You can trace Jeff Rand’s quest to become a “highpointer” all the way back to grade school.
In fifth grade, Rand had to prepare a report on the state of his choice. He lived in Michigan but chose Colorado “because of its mountains.”
“When I learned of Mount Elbert as the highest in the state and the Rockies, I wanted to climb it,” he says.
A few years later, Rand did just that, summiting the 14,433-foot peak after attending the 1979 National Order of the Arrow Conference, held on the campus of Colorado State University in Fort Collins.
And so began Rand’s quest to climb the highest point in each of the 50 states. Fifteen years later, he reached his goal — an astounding feat made even more remarkable by the fact that Rand has only one arm.
Rand, an Eagle Scout, has spent the last 38 years as a BSA professional. He serves as a performance manager, helping units, districts and councils harness the power of Journey to Excellence to better serve Scouts.
But just like many Scouts out there, he’s never stopped exploring. And he’s never let physical challenges stand in his way.
When Rand was 4 years old, he was playing on the sidewalk when he was hit by a car.
He lost his right arm in the accident.
Rand doesn’t try to claim that life was easy with just one arm. It wasn’t.
But, he says, “every person faces challenges. These often represent hidden opportunities. Take advantage of them.”
And so he did. Rand earned 88 merit badges, served as an Order of the Arrow lodge chief and became an Eagle Scout in what was then the Detroit Area Council — now the Michigan Crossroads Council.
‘Because they were there’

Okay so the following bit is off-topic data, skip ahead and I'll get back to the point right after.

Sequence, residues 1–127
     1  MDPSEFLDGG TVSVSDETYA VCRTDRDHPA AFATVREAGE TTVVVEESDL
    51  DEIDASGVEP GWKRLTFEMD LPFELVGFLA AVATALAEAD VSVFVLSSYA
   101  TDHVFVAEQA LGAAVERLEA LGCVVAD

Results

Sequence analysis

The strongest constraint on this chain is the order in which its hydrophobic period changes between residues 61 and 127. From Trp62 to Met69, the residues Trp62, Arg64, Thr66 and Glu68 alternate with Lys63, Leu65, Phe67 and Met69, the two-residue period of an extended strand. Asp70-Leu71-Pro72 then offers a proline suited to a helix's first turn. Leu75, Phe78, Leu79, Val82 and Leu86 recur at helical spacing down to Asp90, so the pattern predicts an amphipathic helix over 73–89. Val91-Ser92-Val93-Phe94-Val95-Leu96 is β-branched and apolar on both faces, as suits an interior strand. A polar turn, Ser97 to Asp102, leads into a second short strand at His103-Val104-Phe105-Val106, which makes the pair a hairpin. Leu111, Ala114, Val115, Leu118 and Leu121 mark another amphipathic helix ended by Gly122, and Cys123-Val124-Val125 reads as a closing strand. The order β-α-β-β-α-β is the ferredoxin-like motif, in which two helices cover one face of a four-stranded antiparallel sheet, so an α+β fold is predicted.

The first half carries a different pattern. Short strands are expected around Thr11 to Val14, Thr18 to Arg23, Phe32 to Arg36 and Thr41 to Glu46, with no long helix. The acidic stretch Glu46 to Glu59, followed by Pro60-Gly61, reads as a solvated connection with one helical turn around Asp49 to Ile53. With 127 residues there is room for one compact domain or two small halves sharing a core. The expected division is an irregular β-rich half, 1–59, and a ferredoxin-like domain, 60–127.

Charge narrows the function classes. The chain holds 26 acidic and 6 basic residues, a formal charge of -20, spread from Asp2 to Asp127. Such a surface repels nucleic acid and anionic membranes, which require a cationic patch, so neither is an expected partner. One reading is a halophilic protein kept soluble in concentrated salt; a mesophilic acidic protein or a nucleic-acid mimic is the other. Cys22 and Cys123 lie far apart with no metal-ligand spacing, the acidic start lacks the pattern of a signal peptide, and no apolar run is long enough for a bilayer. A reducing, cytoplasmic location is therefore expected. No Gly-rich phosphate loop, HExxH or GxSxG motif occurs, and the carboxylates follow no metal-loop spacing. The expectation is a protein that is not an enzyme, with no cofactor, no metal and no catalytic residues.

After standing on top of Colorado’s highest point in 1979, Rand climbed 10 more states’ high points over the next few years “because they were there,” he says.
And then in 1987, while on a three-week bicycling trip through Alaska and Canada, Rand heard something calling him to Denali — Alaska’s crown jewel.
It was all uphill from there.
Over the next seven years, Rand climbed the highest points in the remaining 38 states. He says his Scouting values were with him each step of the way.
“Scouting taught me to set long-term goals while focusing on the incremental steps,” he says. “One learns this progressing through the ranks and preparing oneself for the next challenge.”
Highs and lows
The easiest of the 50? Rand says it’s Ebright Azimuth in Delaware, which towers above the First State at 448 feet. It’s marked by a sign just off a residential street, meaning dog-walkers reach the state’s highest point every day.
The most difficult, he says, is Granite Peak in Montana.
“It looks like a giant tombstone and requires trailless hiking and rock climbing,” Rand says of the 12,799-foot mountain.
Still, it was in Rand’s home state of Michigan where he actually needed two tries to reach the highest point.
He first climbed what was believed to be the state’s highest point, the 1,978-foot Mount Curwood.
But a survey later revealed Mount Arvon to be a foot taller. So he climbed that one, too, and even found a sign from a Scout troop identifying the summit.
Never done exploring
Rand’s what I call an “exploration completionist.” He has this insatiable urge to finish what he started.
During his personal and professional travels, Rand has seen a lot of the country. Pretty soon, he realized that he had visited almost every county in the United States.
In 2003, he finished all 3,142 counties and county-equivalents in the 50 states and D.C. Whatever county you or your aunt or your friend from college happen to live in, Rand’s been there.
“I am still working on visiting every national park unit,” Rand says. “I have 25 left to visit.”